Back to DingXiao, for a minute . . . I think Jerry said that they let go all of their workers and replaced them with new people. Quality issues will likely pop up from time to time for the first year or five of product Y’s lifetime. They don’t solder by machine – everything is done by hand and checked by a guy at the end of the line with a marker. He was let go, too.
Come to think of it, they might even use lead solder. We’ll have to look into this. By ‘we’ I mostly mean ‘you.’ If they are using lead-based solder, we’ll have to find another source – and quick! Remember, the release date for our prototype build is this Friday and those milestone graphs mean everything! Since you’re already trying to find a second source for the capacitor, finding a second source for the fuse assembly shouldn’t be too bad.”
You go back to your desk and begin to cry. . . but quickly remind yourself that you need to order the parts for the prototype build so that they can make it into work on time. Not such a simple task, considering you’ve been stopped by another department manager to go talk to a distribution rep who is sitting in the front lobby. You put on a fake smile and happily go to meet with the salesman.
After an hour and a half of talking about solutions you don’t need to problems you don’t have (amongst other things like ‘golfing’,) you return to your desk with three calendars, a stress ball, and five pens. Two of them have already bled on your shirt. Looking at your Microsoft Outlook calendar, you see that you’re late for a meeting across the building. You quickly grab your Composition notebook – page after page filled with scribbles, calculations, and notes that you believe are important but no longer have any clue what they reference – and run to the meeting room. Once you arrive, you find that nobody is there.
As you begin your walk back to your office cubicle, the safety manager pings you for a random audit. After inspecting your attire to ensure you have on safety goggles and steel-toed boots, he begins to ask you arbitrary questions unrelated to your job (or anyone else’s, for that matter.) Finally, needing something to criticize, he suggests you find a more ergonomic way to plug in your power meter into the outlet, located inches from the ground. Without using your toes, you’re not certain what he means.
Returning to your desk, you can’t quite remember what you were working on or what your boss even told you to do. You do remember that it had something to do with your new board . . .
Which is when Tom, the mechanical engineer in charge of the project, shows up at your cubicle.
”This design isn’t going to work. You’ve got the mounting stud located at the upper right corner, right where we’re running a double-pull switch. There is space to move the switch to the left but then we’d have to move the light pipe for the LED which would then bump down the serial cable port. Who knows what the compliance guys will think of that. Plus it would take forever to change all of that in CAD so let’s just fix your board since it hasn’t been released yet. Thanks!”
But no, moving that mounting hole isn’t so simple. In fact, the way you’ve got the plains of the board mapped out, you’d have to redo the entire thing.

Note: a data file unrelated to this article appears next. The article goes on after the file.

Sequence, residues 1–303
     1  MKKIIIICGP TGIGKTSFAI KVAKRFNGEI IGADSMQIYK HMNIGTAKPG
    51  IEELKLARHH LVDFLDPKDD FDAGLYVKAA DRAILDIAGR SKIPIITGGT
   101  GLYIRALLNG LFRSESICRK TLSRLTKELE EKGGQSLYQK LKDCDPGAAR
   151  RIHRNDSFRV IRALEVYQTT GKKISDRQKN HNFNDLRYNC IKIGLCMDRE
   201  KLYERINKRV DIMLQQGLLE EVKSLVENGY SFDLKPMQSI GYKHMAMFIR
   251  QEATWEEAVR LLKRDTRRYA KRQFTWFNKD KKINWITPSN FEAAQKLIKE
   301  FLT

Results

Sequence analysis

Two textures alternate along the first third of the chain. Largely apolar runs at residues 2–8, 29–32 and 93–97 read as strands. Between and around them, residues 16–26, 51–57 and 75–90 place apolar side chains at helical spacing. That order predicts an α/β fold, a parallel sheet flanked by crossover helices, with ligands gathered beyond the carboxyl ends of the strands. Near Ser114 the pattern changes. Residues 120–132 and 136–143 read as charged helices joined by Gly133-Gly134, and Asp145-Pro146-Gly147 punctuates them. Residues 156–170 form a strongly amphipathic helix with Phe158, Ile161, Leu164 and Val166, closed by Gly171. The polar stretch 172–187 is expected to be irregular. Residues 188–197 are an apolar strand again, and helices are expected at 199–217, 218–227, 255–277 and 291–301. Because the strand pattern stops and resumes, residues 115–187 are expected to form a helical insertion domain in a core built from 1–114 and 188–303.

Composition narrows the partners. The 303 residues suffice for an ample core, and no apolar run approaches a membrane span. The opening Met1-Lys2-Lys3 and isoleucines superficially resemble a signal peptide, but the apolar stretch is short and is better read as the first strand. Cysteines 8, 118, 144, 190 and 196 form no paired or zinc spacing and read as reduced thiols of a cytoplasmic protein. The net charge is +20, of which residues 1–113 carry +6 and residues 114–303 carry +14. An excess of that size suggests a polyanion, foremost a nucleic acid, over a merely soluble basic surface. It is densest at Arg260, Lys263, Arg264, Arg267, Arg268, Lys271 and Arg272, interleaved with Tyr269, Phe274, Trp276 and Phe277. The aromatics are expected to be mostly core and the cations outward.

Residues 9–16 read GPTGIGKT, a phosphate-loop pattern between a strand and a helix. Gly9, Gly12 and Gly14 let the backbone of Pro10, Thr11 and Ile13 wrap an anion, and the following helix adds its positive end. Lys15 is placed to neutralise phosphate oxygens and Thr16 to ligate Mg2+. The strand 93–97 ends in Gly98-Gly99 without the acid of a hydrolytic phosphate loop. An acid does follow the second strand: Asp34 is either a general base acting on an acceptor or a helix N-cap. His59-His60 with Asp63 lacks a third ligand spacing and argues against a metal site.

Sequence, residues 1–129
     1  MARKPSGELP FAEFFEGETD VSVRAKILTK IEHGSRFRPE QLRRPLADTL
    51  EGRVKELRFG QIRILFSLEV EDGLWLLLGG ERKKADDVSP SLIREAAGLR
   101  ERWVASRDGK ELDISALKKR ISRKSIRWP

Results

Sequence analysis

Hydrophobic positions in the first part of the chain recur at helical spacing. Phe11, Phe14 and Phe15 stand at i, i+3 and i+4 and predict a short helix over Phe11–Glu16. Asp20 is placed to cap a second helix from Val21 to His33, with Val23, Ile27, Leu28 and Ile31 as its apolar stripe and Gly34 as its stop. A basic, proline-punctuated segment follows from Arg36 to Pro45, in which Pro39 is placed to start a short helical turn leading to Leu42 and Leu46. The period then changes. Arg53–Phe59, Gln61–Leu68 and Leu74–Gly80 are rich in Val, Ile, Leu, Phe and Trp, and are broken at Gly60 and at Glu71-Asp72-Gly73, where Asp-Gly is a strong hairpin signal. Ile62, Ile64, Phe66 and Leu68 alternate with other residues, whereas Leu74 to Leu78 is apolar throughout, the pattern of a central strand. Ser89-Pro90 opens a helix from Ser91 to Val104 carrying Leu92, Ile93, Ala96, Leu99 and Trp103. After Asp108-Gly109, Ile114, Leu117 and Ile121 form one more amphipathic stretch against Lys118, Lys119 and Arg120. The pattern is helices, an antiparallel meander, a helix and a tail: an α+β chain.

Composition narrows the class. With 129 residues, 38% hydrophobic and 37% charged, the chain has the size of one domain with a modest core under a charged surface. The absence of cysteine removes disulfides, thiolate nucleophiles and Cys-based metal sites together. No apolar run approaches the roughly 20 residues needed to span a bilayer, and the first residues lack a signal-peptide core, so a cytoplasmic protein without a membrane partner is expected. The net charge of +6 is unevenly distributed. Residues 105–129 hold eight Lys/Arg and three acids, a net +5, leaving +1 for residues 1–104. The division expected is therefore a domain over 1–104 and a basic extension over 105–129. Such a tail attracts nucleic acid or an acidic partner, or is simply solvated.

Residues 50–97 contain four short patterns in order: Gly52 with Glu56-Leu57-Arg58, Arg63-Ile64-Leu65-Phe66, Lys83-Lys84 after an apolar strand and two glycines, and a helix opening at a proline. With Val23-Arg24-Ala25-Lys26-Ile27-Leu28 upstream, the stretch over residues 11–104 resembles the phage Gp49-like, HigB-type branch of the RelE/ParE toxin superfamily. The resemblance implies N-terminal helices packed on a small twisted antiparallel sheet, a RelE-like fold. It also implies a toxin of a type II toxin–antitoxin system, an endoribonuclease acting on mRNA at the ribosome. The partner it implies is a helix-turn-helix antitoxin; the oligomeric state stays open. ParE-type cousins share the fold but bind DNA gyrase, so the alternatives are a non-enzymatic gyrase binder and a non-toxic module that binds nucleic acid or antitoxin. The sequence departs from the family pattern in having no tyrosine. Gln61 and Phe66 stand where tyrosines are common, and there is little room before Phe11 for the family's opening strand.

Realizing that it is now four o’clock and time is running out, you begin work on your board. First, you spend thirty minutes trying to see if you can utilize any of your old design. Once it becomes apparent this will not work, you scrap the whole thing and start over. An hour passes and you are now half-way finished with your new work of art.
Suddenly you hear a gentle tapping on your cubicle wall. It’s the component engineering folks and they’ve arrived with bad news. The IC chip you’ve picked out isn’t available for seven weeks because of some bizarre and totally unrelated problem such as a milk shortage in Germany. The distributors have nothing in stock but are offering a similar chip in two weeks’ time. Its only double the footprint and twice as slow. They apologize and head out the door with their coats on. For the first time in an entire day, out of pure disgust, you put your head down on your desk . . .
Which is about the time when your boss stops by to see how much progress you’ve made. “Taking a nap?” he jokes, as he forever remembers that moment and etches it down in his mind for your annual review. You complain about the project a little bit but you can tell that he is as apathetic as you by this point. He wraps up the conversation by saying “Oh man, sounds tough,” and then adds, “Keep at it. You’ll get it!”
You leave work that evening uncertain if you’ll be fired that Friday when you don’t deliver on the goods. You’re tired, though, and head out, regardless. You don’t sleep much that night, thinking over and over on how to rework the board in a way that utilizes limited resources, poor quality craftsmanship, abundant components, and works per mechanical, environmental, and compliance requirements. All while limiting costs.
You wake up after ‘sleeping’ for two hours and head back into work, still unsure of what it is you are going to do. You sluggishly pour a cup of coffee, take a seat in front of your computer and open your e-mails, prepared to read an entire night’s worth of unintelligible questions from Asia that will take up the better half of your morning to answer.
But lo, what is this? An e-mail from the VP of Engineering wherein he states that the project has been cancelled and that all resources will be split up on three new projects. Oh, sweet insanity, how you have once more saved me from the nightmare that you created in the first place!
And so the cycle repeats. Forget the math, the physics, and the scientific method. They are secondary to scheduling, cost, and logistics.
Engineering humor aside, THAT is Engineering In the real world.